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Modifying Powder Drop in MEC Bushings

Discussion in 'Shooting Related Threads' started by rdf59, Nov 23, 2011.

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  1. rdf59

    rdf59 Member

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    I need to modify a MEC #12A Bushing because the 12 and 13 don't come close to the drop I want in a 28 ga Sporting Clays load.

    My thinking is to use a jewelers file to file out a bit of the interior of my #12A bushing to get up to the exact load that I want.

    I know that the Universal Powder bar is the obvious answer, but I own 5 of them and they work great in the 12 and 20 ga presses. However, in the small gauge presses, the location of the adjustable holes are positioned to the extreme right of the powder bottle opening and the extreme left of the shot bottle opening. That does not lead to a consistant drop of either.

    Anyone have a comment about jeweler's files + or - ? How would you do it?

    Thanks for comments. Dick
     
  2. grntitan

    grntitan Well-Known Member

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    I'd use my dremel tool with a small sanding drum and go slow checking it many times. It's alot easier taking metal off than putting it back on. Of course i think the file you mentioned would work. Another low budget method would be to wrap 600-800 grit sandpaper around a small wooden dowel rod or perfectly round pencil. A womans cheap cardboard fingernail file might also work if you can bend it to a round shape. Make sure to clearly mark the bushing when you are done so you know its no longer the factory engraved size.

    Matt
     
  3. mag410

    mag410 Active Member

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    Dick,

    Whenever I need to enlarge a MEC bushing I drill them. I have fractional, letter and number drill sets. Between them I can usually find a bit one or two thousands larger than the hole in the bushing. Drill part way through and test, repeat as necessary. It is easiest to get started if you use a drill press. After the first cut you can finish by hand for fine tuning.

    Always drill from the top, so the bushing will fill completely.

    Scratch out the old bushing number so you or anybody else later on will not use the bushing for the wrong load.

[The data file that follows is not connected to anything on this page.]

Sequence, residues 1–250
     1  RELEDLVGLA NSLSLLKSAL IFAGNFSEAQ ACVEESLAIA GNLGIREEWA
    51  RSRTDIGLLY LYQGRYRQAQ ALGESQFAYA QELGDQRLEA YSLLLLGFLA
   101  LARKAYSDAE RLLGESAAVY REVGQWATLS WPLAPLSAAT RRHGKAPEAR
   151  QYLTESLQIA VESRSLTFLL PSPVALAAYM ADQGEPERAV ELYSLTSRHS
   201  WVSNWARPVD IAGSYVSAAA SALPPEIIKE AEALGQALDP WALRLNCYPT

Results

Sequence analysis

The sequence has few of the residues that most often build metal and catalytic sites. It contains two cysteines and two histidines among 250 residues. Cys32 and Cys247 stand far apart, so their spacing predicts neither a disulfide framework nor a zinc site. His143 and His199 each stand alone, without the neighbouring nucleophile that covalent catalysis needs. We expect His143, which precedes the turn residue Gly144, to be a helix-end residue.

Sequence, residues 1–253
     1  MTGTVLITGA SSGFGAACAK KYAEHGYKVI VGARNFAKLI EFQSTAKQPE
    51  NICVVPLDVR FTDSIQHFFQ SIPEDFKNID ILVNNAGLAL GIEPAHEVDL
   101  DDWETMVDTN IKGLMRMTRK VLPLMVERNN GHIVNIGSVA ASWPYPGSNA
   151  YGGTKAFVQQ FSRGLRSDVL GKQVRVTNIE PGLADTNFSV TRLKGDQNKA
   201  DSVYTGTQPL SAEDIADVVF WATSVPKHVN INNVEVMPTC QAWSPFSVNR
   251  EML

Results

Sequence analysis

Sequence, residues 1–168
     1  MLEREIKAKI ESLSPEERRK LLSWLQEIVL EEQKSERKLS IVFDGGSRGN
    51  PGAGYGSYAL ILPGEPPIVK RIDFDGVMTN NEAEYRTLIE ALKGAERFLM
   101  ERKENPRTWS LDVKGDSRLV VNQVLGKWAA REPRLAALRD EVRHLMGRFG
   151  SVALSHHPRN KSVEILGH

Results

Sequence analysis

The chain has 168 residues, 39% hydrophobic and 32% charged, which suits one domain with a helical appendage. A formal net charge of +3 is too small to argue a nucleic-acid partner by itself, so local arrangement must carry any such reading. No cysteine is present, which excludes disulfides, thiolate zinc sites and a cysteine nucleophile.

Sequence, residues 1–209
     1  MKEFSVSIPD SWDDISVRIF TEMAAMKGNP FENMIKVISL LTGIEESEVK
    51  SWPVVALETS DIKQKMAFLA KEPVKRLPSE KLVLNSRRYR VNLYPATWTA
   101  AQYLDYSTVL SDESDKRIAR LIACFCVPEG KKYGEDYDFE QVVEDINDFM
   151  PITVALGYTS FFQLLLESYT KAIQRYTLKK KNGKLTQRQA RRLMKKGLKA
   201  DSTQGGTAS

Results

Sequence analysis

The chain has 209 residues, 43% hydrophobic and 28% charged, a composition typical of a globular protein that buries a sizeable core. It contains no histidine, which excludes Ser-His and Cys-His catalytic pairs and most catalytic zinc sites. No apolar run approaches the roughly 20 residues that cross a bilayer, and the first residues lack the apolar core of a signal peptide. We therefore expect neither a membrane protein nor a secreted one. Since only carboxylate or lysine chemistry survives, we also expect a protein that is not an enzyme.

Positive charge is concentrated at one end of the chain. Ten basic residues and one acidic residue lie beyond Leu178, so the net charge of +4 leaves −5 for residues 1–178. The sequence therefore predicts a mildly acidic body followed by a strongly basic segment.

Michael
     
  4. mike campbell

    mike campbell Active Member

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    Lots of ways to modify them.I've used a rat tail file with success. Some people prefer to start with a bigger bushing and add strips of tape to reduce volume. That's more "adjustable" and reversible if desired.

    I've wound up with few very small and larger ones that I have absolutely no need for so I modify those. On very large ones, I've created a dam across both ends with electrical tape, laid them on their side, and dribbled in some 5-minute epoxy. Then I file the epoxy to fine tune.
     
  5. creek

    creek Member

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    Dick,
    There are two ways I have solved this problem.
    1. Use a larger bushing and either coat the inside with nail polish or pieces of electrical tape to reduce to what you want.
    or,
    2. use a hand reamer and small file to enlarge current bushing.

    I found a hand reamer set on eBay for $14.00 and use it all the time on bushings and bars to get them to drop what they are supposed to.

    I hope this helps,

    John (CREEK)
     
  6. Shooter R

    Shooter R Active Member

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    Keep in mind, when trying to make a 12 1/2 mec bushing to give the exact weight of your current powder, the next lot of powder may weigh different.

    Believe it or not... I use a mec 650 Grabber, and if I let the handle "bump hard" at the end of the upstroke it can increase the charge by up to 1/2 a grain, depending on what type of powder I'm using (even with a baffle).

    You may find just going with whichever bushing is closest to your ideal weight may work out just fine, especially since size 12 and 13 bushings are small, and the differences between them is not a lot.
     
  7. PatMiles

    PatMiles Well-Known Member

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    A tapered T-handled hand reamer is what I think Creek is referring to. Any decent hardware store should carry them for about $10.00. Go slow... it's aluminum.

    Pat
     
  8. semperfi909

    semperfi909 Well-Known Member